|THE BEAR AND THE FOX
By P. C. Asbjornsen
Once upon a time there was a bear, who sat on a sunny hillside
nap. Just then a fox came slinking by and saw him.
"Aha! have I caught you napping, grandfather? See if I don't
a trick this time!" said Reynard to himself.
He then found three wood mice and laid them on a stump of a tree
under the bear's nose.
"Boo! Bruin! Peter the hunter is just behind that stump!"
fox right into the bear's ear, and then took to his heels and
into the wood.
The bear woke at once, and when he saw the three mice he became
angry that he lifted his paw and was just going to strike them,
thought it was they who had shouted in his ear.
But just then he saw Reynard's tail between the bushes and he
at such a speed that the branches crackled under him, and Bruin
soon so close upon Reynard that he caught him by the right hind
just as be was running into a hole under a pine tree.
Reynard was now in a fix; but he was not to be outwitted, and
"Slip pine root, grip fox foot," and so the bear let
go his hold; but
the fox laughed far down in the hole and said:
"I sold you that time, also, grandfather!"
"Out of sight is not out of mind!" said the bear, who
was in a fine
The other morning, when Bruin came trudging across the moor with
pig, Master Reynard was lying on a stone by the moorside.
"Good-day, grandfather!" said the fox. "What nice
thing have you got
"Pork," said the bear.
"I have got something tasty as well," said the fox.
"What's that?" said the bear.
"It's the biggest bees' nest I ever found," said Reynard.
"Ah, indeed," said the bear, grinning, and his mouth
began to water, he
thought a little honey would be so nice. "Shall we change
"No, I won't do that," said Reynard. But they made
a wager about
naming three kinds of trees. If the fox could say them quicker
the bear he was to have one bite at the pig; but if the bear could
them quicker he was to have one suck at the bee's nest. The bear
thought he would be able to suck all the honey up at one gulp.
"Well said the fox, "that's all well and good but if
I win you must
promise to tear off the bristles where I want to have a bite,"
"Well, I suppose I must, since you are too lazy yourself,"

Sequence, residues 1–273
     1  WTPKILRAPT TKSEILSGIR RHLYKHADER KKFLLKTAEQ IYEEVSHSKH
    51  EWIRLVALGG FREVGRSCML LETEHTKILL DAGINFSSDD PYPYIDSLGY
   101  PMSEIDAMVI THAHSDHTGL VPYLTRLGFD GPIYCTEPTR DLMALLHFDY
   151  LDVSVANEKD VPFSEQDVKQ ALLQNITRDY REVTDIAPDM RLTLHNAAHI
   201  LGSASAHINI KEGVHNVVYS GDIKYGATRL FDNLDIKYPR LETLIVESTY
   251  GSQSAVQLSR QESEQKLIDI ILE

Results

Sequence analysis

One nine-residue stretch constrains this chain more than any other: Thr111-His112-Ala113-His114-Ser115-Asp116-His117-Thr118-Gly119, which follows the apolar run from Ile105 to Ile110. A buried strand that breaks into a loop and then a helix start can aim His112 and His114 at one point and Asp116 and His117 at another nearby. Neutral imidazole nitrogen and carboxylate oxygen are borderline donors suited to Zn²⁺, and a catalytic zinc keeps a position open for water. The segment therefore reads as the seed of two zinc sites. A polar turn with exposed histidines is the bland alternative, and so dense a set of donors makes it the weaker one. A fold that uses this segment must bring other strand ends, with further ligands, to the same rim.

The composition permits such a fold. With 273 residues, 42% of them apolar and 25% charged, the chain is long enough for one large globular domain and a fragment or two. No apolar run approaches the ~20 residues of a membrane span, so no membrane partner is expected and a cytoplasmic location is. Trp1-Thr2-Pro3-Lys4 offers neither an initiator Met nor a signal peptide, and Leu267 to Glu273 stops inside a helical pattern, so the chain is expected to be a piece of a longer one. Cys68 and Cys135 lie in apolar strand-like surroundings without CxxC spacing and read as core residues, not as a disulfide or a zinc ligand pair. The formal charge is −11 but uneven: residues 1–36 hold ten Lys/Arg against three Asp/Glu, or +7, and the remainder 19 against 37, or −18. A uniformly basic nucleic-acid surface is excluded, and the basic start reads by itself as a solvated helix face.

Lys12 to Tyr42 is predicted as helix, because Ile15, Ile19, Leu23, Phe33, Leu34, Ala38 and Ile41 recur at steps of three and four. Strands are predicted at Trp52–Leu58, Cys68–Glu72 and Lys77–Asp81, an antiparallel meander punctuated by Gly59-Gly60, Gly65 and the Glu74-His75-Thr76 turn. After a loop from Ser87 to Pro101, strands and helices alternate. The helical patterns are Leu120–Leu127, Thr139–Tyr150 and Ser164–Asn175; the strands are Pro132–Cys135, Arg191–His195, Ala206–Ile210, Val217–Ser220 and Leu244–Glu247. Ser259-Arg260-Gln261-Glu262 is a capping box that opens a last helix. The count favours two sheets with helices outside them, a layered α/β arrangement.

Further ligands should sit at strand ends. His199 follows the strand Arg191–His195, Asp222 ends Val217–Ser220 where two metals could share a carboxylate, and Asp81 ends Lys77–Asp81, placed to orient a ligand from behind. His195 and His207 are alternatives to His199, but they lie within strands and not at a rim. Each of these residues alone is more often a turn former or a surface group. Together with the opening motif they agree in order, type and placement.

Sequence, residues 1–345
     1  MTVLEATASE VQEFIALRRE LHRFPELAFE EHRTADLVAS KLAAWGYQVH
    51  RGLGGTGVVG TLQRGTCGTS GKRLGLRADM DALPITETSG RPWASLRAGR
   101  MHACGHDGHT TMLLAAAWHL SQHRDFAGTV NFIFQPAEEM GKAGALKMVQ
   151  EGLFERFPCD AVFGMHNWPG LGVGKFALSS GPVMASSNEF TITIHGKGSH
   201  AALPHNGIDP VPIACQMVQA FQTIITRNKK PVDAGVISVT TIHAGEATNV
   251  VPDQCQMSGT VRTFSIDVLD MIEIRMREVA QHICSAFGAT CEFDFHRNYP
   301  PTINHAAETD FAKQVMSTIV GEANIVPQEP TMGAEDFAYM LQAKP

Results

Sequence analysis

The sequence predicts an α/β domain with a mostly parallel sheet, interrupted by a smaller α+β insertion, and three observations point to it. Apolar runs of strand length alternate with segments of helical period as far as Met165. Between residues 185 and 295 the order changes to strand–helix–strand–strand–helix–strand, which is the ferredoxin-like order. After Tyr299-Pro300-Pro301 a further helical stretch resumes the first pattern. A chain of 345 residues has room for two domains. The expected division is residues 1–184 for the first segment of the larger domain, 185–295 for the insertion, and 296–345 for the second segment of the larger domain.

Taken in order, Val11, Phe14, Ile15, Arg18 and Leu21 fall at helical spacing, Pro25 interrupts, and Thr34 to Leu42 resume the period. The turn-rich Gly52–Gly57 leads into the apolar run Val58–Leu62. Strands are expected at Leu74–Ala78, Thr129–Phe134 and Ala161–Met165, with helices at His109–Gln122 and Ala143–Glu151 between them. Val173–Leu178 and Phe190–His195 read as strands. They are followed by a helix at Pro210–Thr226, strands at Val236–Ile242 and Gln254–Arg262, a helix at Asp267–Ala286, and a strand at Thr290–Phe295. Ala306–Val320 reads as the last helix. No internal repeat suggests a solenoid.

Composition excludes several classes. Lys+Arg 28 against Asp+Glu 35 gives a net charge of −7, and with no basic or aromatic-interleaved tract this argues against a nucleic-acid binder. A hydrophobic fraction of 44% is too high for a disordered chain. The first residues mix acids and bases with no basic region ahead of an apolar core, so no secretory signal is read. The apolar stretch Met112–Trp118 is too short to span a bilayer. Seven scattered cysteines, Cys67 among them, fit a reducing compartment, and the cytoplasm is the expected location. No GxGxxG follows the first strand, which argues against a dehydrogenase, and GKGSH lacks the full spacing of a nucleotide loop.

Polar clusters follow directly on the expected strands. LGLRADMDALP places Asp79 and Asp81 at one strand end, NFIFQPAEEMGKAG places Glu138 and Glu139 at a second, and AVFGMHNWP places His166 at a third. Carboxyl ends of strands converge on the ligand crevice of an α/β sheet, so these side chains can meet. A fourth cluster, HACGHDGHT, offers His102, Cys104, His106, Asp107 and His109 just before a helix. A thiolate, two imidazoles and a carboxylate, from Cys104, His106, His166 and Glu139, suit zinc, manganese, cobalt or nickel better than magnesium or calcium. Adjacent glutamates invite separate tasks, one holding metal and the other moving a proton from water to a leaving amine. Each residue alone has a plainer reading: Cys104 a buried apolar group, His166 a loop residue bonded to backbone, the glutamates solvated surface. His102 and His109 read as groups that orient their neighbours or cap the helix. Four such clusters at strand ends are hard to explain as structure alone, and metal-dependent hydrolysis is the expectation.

Then they began to name the trees.
"Spruce, fir, pine," growled the bear. His voice was
very gruff. But
all these were only different names of one kind of tree.
"Ash, aspen, oak," screeched the fox, so that the forest
had thus won the bet, and so he jumped down, took the heart out
pig at one bite, and tried to run off. But the bear was angry,
he had taken the best bit of the whole pig, and seized hold of
his tail and held him fast.
"Just wait a bit," said the bear, who was furious.
"Never mind, grandfather; if you'll let me go you shall
have a taste of
my honey," said the fox.
When the bear heard this he let go his hold and the fox jumped
the stone after the honey.
"Over this nest," said Reynard, "I'll put a leaf,
and in the leaf there
is a hole, through which you can suck the honey." He then
put the nest
right up under the bear's nose, pulled away the leaf, jumped on
stone, and began grinning and laughing; for there was neither
honeycomb in the nest. It was a wasp's nest as big as a man's
full of wasps, and out they swarmed and stung the bear in his
ears and on his mouth and snout. He had so much to do with scratching
them off him that he had no the to think of Reynard.
Ever since the bear has been afraid of wasps.
Once the fox and the bear made up their minds to have a field
common. They found a small clearing far away in the forest, where
sowed rye the first year.
"Now we must share and share alike," said Reynard;
"if you will have
the roots I will have the tops," he said.
Yes, Bruin was quite willing; but when they had thrashed the
fox got all the corn, while the bear got nothing but the roots
Bruin didn't like this, but the fox said it was only as they
"This year I am the gainer," said the fox; "another
year it will be
your turn; you can then have the tops and I will be satisfied
Next spring the fox asked the bear if he didn't think turnips
the right thing for that year.
"Yes, that's better food than corn," said the bear;
and the fox thought
When the autumn came the fox took the turnips, but the bear only
The bear then became so angry that he parted company then and
One day the bear was lying eating a horse which he had killed.
was about again and came slinking along, his mouth watering for
bit of the horseflesh.
He sneaked in and out and round about till he came up behind
when he made a spring to the other side of the carcass, snatching
piece as he jumped across.
The bear was not slow either; he made a dash after Reynard and
the tip of his red tail in his paw. Since that time the fox has
had a white tip to his tail.
"Wait a bit Reynard, and come here," said the bear,
"and I'll teach you
how to catch horses."
Yes, Reynard was quite willing to learn that, but he didn't trust
himself too near the bear.
"When you see a horse lying asleep in a sunny place,"
said the bear,
"you must tie yourself fast with the hair of his tail to
and then fasten your teeth in his thigh," he said.
Before long the fox found a horse lying asleep on a sunny hillside;
so he did as the bear had told him; he knotted and tied himself
the horse with the hair of the tail and then fastened his teeth
Up jumped the horse and began to kick and gallop so that Reynard
dashed against stock and stone, and was so bruised and battered
nearly lost his senses.
All at once a hare rushed by. "Where are you off to in such
Reynard?" said the hare.
"I'm having a ride, Bunny!" said the fox.
The hare sat up on his hind legs and laughed till the sides of
mouth split right up to his ears, at the thought of Reynard having
a grand ride; but since then the fox has never thought of catching
That time it was Bruin who for once had the better of Reynard;
otherwise they say the bear is as simple-minded as the trolls.